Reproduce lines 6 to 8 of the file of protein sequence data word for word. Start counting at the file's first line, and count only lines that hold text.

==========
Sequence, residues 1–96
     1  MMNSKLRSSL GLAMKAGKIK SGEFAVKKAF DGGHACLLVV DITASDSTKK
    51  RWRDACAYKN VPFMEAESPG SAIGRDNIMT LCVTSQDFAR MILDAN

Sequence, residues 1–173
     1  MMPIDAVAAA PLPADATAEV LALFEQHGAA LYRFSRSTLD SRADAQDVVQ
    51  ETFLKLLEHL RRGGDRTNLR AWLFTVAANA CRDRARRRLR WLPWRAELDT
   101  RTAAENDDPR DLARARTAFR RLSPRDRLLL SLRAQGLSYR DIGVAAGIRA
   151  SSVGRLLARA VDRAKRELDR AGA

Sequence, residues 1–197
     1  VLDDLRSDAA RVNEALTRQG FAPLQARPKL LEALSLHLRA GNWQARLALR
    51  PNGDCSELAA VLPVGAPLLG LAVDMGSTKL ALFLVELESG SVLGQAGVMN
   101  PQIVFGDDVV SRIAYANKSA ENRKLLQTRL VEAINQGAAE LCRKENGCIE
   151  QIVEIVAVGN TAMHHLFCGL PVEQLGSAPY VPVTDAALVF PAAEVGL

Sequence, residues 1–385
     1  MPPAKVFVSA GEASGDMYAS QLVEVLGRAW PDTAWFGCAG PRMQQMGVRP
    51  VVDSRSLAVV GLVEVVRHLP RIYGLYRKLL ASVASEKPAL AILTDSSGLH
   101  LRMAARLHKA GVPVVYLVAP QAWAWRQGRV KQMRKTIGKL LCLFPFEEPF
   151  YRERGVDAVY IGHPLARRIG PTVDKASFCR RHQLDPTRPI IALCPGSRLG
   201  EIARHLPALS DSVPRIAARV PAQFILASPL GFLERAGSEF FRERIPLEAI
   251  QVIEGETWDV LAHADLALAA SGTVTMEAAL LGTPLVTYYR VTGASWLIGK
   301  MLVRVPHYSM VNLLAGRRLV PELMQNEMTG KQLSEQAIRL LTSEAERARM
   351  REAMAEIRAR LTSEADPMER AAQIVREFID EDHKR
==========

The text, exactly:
    51  ETFLKLLEHL RRGGDRTNLR AWLFTVAANA CRDRARRRLR WLPWRAELDT
   101  RTAAENDDPR DLARARTAFR RLSPRDRLLL SLRAQGLSYR DIGVAAGIRA
   151  SSVGRLLARA VDRAKRELDR AGA